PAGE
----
Briefing: Understanding Vulnerability to Opioid Addiction
- Published13 Sep 2016
- Reviewed13 Sep 2016
- Author Jennifer Brummet
- Source BrainFacts/SfN
This summer on Capitol Hill, lawmakers and research advocates gathered to attend a briefing titled “Understanding Vulnerability to Opioid Addiction.” Opioids have become a topic of great interest on Capitol Hill as addiction and overdose rates continue to increase across the country.
Opioids, which include drugs like morphine, heroin, oxycodone, and other synthetic drugs, are medications that reduce pain. Opioids are one of the most effective drugs available for pain problems, and as it is estimated that more than 100 million Americans suffer from chronic pain, opioids are widely used to treat these symptoms. However, opioids can lead to dependence, addiction, and overdose; in addition, some synthetic opioids are hundreds of times stronger than heroin. This wide use of opioids has resulted in large increases in overdose deaths, and the Center for Disease Control and Prevention says synthetic opioids are responsible for much of this increase. The overdose death rate has been increasing, with 30,000 deaths from prescription painkiller or heroin overdoses in 2014, versus only 6,000 deaths due to these causes in 2001.
Huda Akil, Professor at University of Michigan, spoke during the briefing about her work on the biology of opioids and opioid addiction. Akil discussed the receptors in the brain that recognize opioid substances and how there are different types of receptors in different parts of the brain. The brain contains these receptors that respond to opioid drugs because the brain contains similar substances, like endorphins, that bind to these receptors and help reduce pain.
Many parts of the brain contain opioid receptors, which means that taking an opioid will impact many regions, including areas related to pain, breathing, thought, and other functions. Akil also explained that opioid receptors being all over the brain is what can lead to trouble with opioid drugs being used to treat pain. When a person takes a drug to alleviate pain, the substance will act all over the body and brain, not just in pain areas. This can lead to problems such as tolerance, dependency, and addiction, as the receptors adjust to the presence of high quantities and the fast action of many synthetic opioid drugs. This can also lead to addiction problems as the opioids can act in the reward pathway of the brain.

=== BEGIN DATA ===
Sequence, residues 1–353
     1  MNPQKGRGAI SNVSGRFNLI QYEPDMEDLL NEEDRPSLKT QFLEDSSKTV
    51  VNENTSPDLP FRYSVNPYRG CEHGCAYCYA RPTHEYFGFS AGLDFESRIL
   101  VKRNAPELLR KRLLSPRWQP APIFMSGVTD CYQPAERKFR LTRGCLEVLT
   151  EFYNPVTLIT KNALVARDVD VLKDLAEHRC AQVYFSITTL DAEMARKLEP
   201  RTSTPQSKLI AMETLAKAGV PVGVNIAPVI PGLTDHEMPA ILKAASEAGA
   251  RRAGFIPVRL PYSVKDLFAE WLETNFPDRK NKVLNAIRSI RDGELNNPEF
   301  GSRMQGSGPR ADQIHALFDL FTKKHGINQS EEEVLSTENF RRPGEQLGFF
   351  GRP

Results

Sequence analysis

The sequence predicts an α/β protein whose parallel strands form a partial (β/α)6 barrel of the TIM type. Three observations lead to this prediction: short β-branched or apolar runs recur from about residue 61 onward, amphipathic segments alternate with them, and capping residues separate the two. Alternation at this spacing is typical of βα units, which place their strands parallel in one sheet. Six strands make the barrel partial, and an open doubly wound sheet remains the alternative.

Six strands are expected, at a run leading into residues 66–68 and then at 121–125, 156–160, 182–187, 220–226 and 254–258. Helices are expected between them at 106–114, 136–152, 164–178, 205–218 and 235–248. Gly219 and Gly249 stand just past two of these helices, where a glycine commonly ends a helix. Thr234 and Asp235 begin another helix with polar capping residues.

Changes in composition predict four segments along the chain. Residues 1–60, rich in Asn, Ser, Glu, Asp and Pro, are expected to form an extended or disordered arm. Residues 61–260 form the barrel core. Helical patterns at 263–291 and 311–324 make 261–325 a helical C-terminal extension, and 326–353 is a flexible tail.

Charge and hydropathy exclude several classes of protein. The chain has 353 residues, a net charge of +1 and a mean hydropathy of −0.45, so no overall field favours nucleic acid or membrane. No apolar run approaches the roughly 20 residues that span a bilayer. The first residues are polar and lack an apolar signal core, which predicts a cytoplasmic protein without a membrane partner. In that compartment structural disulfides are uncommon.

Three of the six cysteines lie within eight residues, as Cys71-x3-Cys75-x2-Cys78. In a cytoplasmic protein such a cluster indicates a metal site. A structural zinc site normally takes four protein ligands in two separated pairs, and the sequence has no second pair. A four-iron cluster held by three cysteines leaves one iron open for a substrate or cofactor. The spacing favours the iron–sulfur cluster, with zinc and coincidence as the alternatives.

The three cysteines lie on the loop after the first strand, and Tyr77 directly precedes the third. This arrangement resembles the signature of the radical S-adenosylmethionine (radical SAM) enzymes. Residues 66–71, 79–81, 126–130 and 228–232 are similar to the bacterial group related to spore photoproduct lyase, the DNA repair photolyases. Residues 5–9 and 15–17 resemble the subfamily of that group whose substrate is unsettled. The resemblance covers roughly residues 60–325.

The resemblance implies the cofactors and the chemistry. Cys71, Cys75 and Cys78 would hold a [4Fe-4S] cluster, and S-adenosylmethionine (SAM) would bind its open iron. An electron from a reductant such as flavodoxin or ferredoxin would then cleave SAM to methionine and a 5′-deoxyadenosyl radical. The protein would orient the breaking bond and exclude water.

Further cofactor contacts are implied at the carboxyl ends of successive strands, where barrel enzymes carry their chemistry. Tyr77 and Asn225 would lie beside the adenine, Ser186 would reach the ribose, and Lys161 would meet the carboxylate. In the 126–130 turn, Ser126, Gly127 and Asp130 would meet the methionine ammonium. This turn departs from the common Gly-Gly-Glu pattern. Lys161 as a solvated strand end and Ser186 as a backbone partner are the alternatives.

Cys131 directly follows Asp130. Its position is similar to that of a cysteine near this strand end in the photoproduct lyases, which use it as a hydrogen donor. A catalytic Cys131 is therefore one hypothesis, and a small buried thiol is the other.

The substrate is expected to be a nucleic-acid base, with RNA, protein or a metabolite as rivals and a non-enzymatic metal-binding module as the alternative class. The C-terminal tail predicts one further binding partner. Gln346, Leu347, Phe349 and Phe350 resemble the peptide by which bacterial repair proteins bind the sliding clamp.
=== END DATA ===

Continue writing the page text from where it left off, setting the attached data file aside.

Akil discussed possible ways to address the increasing opioid problem. First, she mentioned that drugs could be designed to act only on certain types of receptors; therefore, rather than impacting the whole brain, they would be designed to strategically act in certain areas or pathways of the brain which may allow the drug to avoid the reward pathway which can lead to addiction. Akil also emphasized that individual differences are very important in thinking about how to address opioid issues. For example, only 15-25 percent of people exposed to opioids become true addicts, and some temperaments are more likely to seek drugs and become dependent. In addition, it is important to not give the strongest drug at first, and also to consider the patient’s needs related to their age, condition, and other factors. Since overdose deaths due to opioid use are increasing, it is important that research, medicine, and policy address these important issues and potential solutions.
This timely briefing was presented by the Congressional Biomedical Research Caucus (CBRC), a bipartisan caucus that seeks to support congressional committees and Members of Congress with jurisdiction over NIH, NSF, science research, and health issues.
Watch the complete briefing on YouTube.
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